Imperial authority grew as the traditional sources of law dwindled. During the period of the Dominate, which begins with Emperor Diocletian (ca. 230–ca. 305), the sources of law became restricted to the imperial constitutions, and the interpretative activity of specialist jurists (as found above all in the writings of the Severan jurists) fused with common law, which did have a marginal role. The distinction between ius civile and ius honorarium gradually disappeared.

Codex Gregorianus and Codex Hermogenianus

At the end of the 3rd century, i.e. coinciding with Diocletian’s assumption of power, two collections of imperial constitutions were published, whose compilers are not otherwise attested. The former collection, the Codex Gregorianus, contained rescripts of which the oldest of those preserved goes back to Emperor Hadrian; this work is systematically arranged in (at least) 14 books, which are in turn subdivided into titles arranged according to topics. Within these titles, the constitutions are chronologically ordered. This was followed shortly afterwards by the Codex Hermogenianus, containing mainly rescripts of Diocletian. The presence of constitutions from a later period is ascribed to subsequent textual manipulations. The Codex Hermogenianus is divided only into titles, and forms a kind of continuation of the Gregorianus. Both codices were transmitted only indirectly, namely predominantly through the Lex Romana Visigothorum and the Codex Iustinianus.

Codex Theodosianus

In 429 AD Theodosius II (401–450), emperor of the Eastern half of the empire, initiated a collection of imperial constitutions of general content that had been promulgated since Emperor Constantine I (ca. 280–337). The original project was the realization of two separate collections, one to contain also constitutions that had been forgotten, the other only the laws still in force, accompanied by legal works on related topics. This project was revised in 435. The Codex Theodosianus came into force on 1st January 439, for certain in the Eastern half of the Empire, but very probably also in the Western, where the Codex was presented 438 to the Roman senate in the course of a ceremonial session.

The Theodosianus was the first official collection of imperial constitutions, and took its place beside the Gregorianus and the Hermogenianus, which in this way retained their validity. This collection too is arranged in books (16 in all) and titles. The committee selected and revised the texts of the constitutions, which are in chronological order. The legal matters contained in the codex deal with numerous spheres of public and private law. Much space is taken up by the administrative organization of the empire and its officials. Book 16 is to be regarded as a real novelty, being exclusively devoted to religious legislation. We know the Codex Theodosianus also partly through the Lex Romana Visigothorum and the Codex Iustinianus. There are, however, some manuscripts extant that provide their own independent textual tradition which goes back to the original editing.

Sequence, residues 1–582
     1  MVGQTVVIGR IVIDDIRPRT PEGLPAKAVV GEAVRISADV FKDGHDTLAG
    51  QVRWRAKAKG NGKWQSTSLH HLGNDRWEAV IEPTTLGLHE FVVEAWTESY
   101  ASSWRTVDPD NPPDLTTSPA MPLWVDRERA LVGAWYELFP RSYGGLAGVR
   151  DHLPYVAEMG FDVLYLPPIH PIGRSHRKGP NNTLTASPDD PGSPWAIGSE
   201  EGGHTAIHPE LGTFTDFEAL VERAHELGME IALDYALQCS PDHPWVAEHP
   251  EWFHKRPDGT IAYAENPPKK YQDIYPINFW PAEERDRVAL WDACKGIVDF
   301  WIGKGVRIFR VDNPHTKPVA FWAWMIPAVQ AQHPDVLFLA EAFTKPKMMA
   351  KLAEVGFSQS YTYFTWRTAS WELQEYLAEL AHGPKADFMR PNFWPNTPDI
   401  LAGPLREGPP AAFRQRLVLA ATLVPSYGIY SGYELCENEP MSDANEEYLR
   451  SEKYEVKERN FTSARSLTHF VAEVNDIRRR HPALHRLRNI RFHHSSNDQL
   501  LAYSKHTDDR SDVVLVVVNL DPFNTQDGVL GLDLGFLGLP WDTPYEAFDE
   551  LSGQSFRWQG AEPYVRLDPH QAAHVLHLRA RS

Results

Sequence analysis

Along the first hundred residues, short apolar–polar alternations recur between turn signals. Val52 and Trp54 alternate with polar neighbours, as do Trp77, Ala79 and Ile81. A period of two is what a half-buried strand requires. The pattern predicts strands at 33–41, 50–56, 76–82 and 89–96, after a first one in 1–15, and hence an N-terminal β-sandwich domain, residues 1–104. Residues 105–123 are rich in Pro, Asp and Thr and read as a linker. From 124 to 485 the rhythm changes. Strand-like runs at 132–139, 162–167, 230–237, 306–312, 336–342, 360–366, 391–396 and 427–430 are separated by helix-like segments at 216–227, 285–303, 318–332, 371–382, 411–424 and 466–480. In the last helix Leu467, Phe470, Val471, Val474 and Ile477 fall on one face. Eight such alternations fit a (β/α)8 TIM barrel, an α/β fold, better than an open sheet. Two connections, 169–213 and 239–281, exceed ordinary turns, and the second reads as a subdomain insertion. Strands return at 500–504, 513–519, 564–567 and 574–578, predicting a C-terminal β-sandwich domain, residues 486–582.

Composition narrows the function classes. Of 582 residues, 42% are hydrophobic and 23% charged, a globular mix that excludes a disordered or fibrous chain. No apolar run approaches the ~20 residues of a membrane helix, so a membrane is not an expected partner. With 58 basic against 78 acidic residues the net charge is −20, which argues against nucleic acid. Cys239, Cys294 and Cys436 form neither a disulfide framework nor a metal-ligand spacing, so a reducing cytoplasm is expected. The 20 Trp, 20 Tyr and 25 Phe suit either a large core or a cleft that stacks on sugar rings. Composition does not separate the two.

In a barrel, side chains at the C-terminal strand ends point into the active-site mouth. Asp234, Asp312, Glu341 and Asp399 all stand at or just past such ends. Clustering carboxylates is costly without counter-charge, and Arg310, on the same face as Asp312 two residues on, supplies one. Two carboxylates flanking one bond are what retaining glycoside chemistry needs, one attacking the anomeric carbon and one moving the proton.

Post-Theodosian Novels

The constitutions promulgated after 437 by Theodosius II himself and his successors, also known as post-Theodosian Novels, were never compiled in an official codification, but only collected privately. A large part of this legislation was handed down indirectly through the Lex Romana Visigothorum.

The Leges barbarorum

After the West Roman Empire had been succeeded by Germanic kingdoms, the question arose as to the law to be applied to Roman subjects. According to the “personality principle”, the Roman part of the population continued to be governed by Roman law. For this purpose, special codifications were created which were to regulate the mutual relations of Roman citizens. These codifications were supported directly by the sources of Roman law. Three of them are of particular importance:

Lex Romana Visigothorum or Breviarium Alarici

This codification5, dating from 506 AD, promulgated by Alarich II (d. 507), king of the Visigoths, is composed of excerpts from the Codices GregorianusHermogenianus and Theodosianus, some post-Theodosian Novels, and the Pauli Sententiae (a postclassical compilation from the works of the jurist Paul), for which it represents the chief source. It furthermore contains an abbreviated version of the Institutes of Gaius (known as the Epitome Gai) and a single fragment of a responsum from Papinian. Almost every text is followed by a brief explanation (interpretatio). Since the Gallic part of the Visigoth kingdom was lost shortly after its coming into force, this codification was only briefly valid. However, the codification acquired considerable and lasting importance on the Iberian peninsula, to which the Visigoths had retreated.

Lex Romana Burgundionum

This codification was composed at the initiative of Gundobad (died ca. 516), King of the Burgundians, for the Roman subjects of his kingdom. It too draws on the Codices GregorianusHermogenianus and Theodosianus, some post-Theodosian Novels, the Institutionsof Gaius and the Pauli Sententiae. The work is divided into 47 titles, and also contains Latin interpretationes, which however differ from the Visigothic ones.

Edictum Theoderici

This is a codification of unknown date promulgated by Theoderich (453–526), King of the Ostrogoths. In contrast to the leges mentioned so far, the Edictum Theoderici was addressed not only to Roman subjects but also to Ostrogoth ones. This codification too draws on the Roman law sources, including some works of legal science dating from the classical period.

The Corpus Iuris Civilis of Emperor Justinian I